[UPDATED:] Paul Marshal Curry, Accused of Killing Wife by Poisoning in '94, Gets Arraignment Delayed

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Update, December 7, 1:41 p.m.: The arraignment of Paul Marshal Curry, a 54-year-old Kansas building inspector accused of poisoning his wife of two years in San Clemente in 1994 to collect a $400,000 insurance claim, has been delayed until Jan. 14.

Meanwhile, officials in Salina, Kansas, say Curry managed to get hired as a city building official years ago because background checks do not reveal subjects of ongoing investigations. Curry had been suspected of murdering Linda Curry with a large dose of nicotine since the beginning of the Orange County Sheriff's Department homicide probe.

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Courtesy of Orange County Sheriff's Department
It took years for investigators to build the murder case against building inspector Paul Marshal Curry.
But investigators were not able to finish building a case that would result in Curry's indictment until early November, the OCSD explains in an Orange County Register report.

A Salina TV news station, which has the scoop on the building-inspector angle, quotes Salina City Manager Jason Gage saying the city is seeking a new building official to replace Curry.

The attorney for the accused asked for the arraignment delay. Curry was extradited to Orange County last Thursday. He'll wait it out in the Orange County Jail until at least his next court date. Curry could get life without the possibility of parole if convicted.

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Original Post, November 10, 7:46 a.m.: A Salina, Kansas, man faces an extradition hearing today as he has been arrested and charged in the cold case murder of his wife in San Clemente 16 years ago.

Paul Marshal Curry, 54, is accused of poisoning his wife of two years, Linda Curry, for a $400,000 life insurance payoff. He faces life in prison with the possibility of parole if convicted of the 1994 murder.

The Orange County District Attorney's Office statement on the case follows:

November 9, 2010

HUSBAND ARRESTED IN KANSAS FOR 1994 POISINING-MURDER FOR FINANCIAL GAIN OF WIFE IN SAN CLEMENTE

SANTA ANA - The Orange County District Attorney (OCDA) filed special circumstance murder charges today in a cold case against a husband for poisoning his wife for financial gain in 1994.  Paul Marshal Curry, 54, Salina, KA, is charged with one felony count of special circumstances murder for financial gain with a sentencing enhancement for murder by poisoning. If convicted, the defendant faces a minimum sentence of life in state prison without the possibility of parole. The charges make the defendant ineligible for bail. The defendant will face an extradition hearing in Kansas tomorrow to determine when he will be extradited from Kansas to Orange County to face the murder charges. The date and time of his arraignment are to be determined.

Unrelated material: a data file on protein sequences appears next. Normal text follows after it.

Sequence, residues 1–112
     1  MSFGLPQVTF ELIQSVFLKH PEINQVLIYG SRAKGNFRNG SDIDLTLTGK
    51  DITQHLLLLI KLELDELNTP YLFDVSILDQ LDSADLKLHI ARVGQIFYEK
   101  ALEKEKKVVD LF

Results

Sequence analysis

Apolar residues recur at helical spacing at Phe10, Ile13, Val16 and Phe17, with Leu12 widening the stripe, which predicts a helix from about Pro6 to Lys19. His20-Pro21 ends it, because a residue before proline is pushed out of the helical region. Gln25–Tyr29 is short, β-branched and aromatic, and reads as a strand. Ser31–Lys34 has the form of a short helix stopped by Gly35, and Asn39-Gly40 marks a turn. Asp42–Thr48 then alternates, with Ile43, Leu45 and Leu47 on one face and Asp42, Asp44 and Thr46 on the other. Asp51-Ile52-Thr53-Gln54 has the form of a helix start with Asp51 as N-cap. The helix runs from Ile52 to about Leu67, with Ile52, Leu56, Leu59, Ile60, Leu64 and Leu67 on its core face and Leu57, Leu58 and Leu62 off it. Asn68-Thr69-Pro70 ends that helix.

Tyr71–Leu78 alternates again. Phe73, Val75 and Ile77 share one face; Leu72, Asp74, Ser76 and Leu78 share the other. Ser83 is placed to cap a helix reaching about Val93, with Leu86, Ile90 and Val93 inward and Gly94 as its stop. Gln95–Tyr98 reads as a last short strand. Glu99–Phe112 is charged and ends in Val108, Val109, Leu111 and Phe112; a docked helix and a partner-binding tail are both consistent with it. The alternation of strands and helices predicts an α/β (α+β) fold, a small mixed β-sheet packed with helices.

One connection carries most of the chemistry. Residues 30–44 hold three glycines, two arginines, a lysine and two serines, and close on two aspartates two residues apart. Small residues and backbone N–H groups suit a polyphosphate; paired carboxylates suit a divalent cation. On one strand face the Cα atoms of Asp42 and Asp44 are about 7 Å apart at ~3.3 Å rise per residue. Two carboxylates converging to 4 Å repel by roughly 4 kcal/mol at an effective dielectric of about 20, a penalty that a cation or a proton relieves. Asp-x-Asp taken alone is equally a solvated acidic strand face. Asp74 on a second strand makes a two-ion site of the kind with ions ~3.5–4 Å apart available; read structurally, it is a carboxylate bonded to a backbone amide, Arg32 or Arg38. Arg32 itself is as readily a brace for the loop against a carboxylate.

Late on the night of June 9, 1994, Curry is accused of poisoning his wife of two years, Linda Curry. Curry is accused of calling 911 and telling emergency personnel that the victim was in bed and not breathing. Orange County Sheriff's Department (OCSD) officers responded to the scene.

Curry is accused of collecting $400,000 from his wife's life insurance policies. At the time of the crime, Curry was suspected and OCSD investigated the case but it went cold.

In 2007, OCDA and OCSD began reinvestigating the case. As a result of further investigation and newly developed evidence that was not available at the time of the crime, Curry was arrested today in Kansas by OCSD officers. He will face extradition proceedings tomorrow.

The investigation is ongoing. Anyone with additional information is encouraged to contact Supervising District Attorney Investigator Helen Moreno at (714) 347-8492.

Senior Deputy District Attorney Ebrahim Baytieh of the Homicide Unit is prosecuting this case.


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1 comments
Dan.F
Dan.F

Finally on trial. It's been 20 years since the murder and prosecutors finally have what they think will put him behind bars. We'll see what Michael Kraut, the criminal defense attorney at http://www.losangelescriminallawyer.pro/ comes up with. He was quoted in ABC's Good Morning America today saying that witnesses could be dead now, making this case more difficult for prosecutors.

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